Almost all my subjects are New York based, which does influence their responses for a number of reasons: seasonal and local availability of ingredients, NYC as culinary mecca, NYC as prohibitively expensive, distance from family. My friends who replied also had very varied backgrounds: Colombian, Mexican, Guyanese, Puerto Rican, Chinese, Libyan, white. Despite the difference there are a number of patterns that emerged which I will go on to analyze because its Sunday and I really have nothing better to do.
What we can feel good about, though, meaning us NYC-dwelling 20-something-year-olds, is that we still honor our food traditions but our diets have progressively gotten better. We may actually avoid becoming fat like our parents. Here's why (don't worry, I'm only going to list the more interesting sections):
"Some kind of pasta with marinara sauce."
"any kind of pasta"
"pasta, chicken, vegetable"
"grilled chicken (maybe with a side of broccoli, probably not)"
If you're going to invest in anything this year make it either chicken, pasta, or vegetables. Rice came at a close second as did soup. There were a handful of anomalies, more complex dishes like tagine, stuffed pepper, and other mostly North African dishes or simple Chinese fare like tofu and vegetables.
Dinner Ordered or Eaten Out:
Asian food was overwhelming mentioned, from Chinese, Thai, Indian to specifics like veggie lo mein and sushi. Pizza and burgers were in second place followed by the word occassionally. Most of these people even hold gym memberships. (That's right, none of my friends are fat.)
This category for reason confused some of my subjects. By top three some thought I meant four or more which they somehow turned into three by combining two things into one like "cheesecake/pie" or "cookies/brownies." Chocolate, cookies, cheesecake, and ice cream were the highest rated, with two practicing Communists saying they don't really care for desserts.
Blow-Out Feasts Eaten Out:
One word: Steak. Steakhouse, Outback, Churrascaria... the biggest blowout for my friends and I involves bloody, red meat. Second place went to Olive Garden and Max Brenner. Meals eaten abroad and paid for by someone else also came up which only confirms that if you're traveling and someone else is paying, you can eat as much as you want.
Christmas and Thanksgiving were prominent but what was interesting was how they specified that what made them special beyond just the food was the gathering itself with family or friends. Interesting because so many people hate these holidays for precisely that reason.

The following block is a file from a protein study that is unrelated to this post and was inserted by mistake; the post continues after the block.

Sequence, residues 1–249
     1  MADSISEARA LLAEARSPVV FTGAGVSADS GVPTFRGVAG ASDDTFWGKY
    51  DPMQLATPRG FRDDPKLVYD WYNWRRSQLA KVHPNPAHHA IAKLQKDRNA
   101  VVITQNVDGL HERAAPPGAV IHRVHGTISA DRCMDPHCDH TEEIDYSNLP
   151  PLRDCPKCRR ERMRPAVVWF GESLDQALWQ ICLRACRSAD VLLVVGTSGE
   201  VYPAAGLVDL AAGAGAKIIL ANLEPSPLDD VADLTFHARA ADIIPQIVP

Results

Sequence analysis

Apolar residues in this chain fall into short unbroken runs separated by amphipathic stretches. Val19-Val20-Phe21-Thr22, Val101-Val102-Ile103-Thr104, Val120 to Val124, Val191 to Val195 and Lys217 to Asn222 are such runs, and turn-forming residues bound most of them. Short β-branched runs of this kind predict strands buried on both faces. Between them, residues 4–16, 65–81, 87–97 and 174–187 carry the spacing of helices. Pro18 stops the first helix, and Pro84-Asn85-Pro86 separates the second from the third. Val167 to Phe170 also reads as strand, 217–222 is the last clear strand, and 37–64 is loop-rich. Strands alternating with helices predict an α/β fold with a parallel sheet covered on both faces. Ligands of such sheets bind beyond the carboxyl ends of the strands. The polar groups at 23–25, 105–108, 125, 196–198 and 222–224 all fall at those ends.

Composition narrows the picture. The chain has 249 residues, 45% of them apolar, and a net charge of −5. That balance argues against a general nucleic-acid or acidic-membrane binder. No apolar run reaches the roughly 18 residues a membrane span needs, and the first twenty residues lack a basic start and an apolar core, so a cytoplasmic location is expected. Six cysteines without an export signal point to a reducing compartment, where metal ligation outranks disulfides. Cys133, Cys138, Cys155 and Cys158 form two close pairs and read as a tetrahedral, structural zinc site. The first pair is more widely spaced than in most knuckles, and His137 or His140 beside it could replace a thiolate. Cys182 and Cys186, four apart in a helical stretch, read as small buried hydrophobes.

Most Hated Foods:
This was the Freak Show portion of the survey. The most mundane: Broccoli and cabbage. The most bizarre: sea urchin, bone marrow, chinese buffets, and "the Large Fish Eggs, the smaller ones I can live with on sushi because they blend in. but the big ones taste like suicide in your mouth." That's right, suicide in your mouth. An oddly common one was raw onion.
We're still kids at heart:
"Peanut Butter Cups Sour Gummy candy Cookies!!!!! OH MY GOD YES"
"Ice cream with unlimited toppings ... like cookies, cereal, fruit, chocolate fudge all at the same time.. ON.. a hot brownie/chocolate cake"
"butter<--spreading too much of it on bread, cooking with it, baking with it, LOVING IT"
"the occasonal fast food dose. Like that time we went to McDonalds... Sometimes you just need a dose of gross."
One of the Communists left this section blank. Other notable items aside from the fast food and dessert orgams above were french fries, hostess cupcakes, and cheetohs. Mmmmm processed foods.
The last three sections all realte to each other as they prove three things:
- We are shedding college habits like fast food and hard liquor (with the exception of those who listed fast food as a guilty pleasure, which is still indicative of a reduction).
- We grew up on processed foods like pop tarts and slim jims which we don't eat anymore but which we remember fondly.
- There is a definitely vegetarian slant in what we have recently started eating with many vegetables like kale and brussel sprouts coming up and a sharp decline in meat.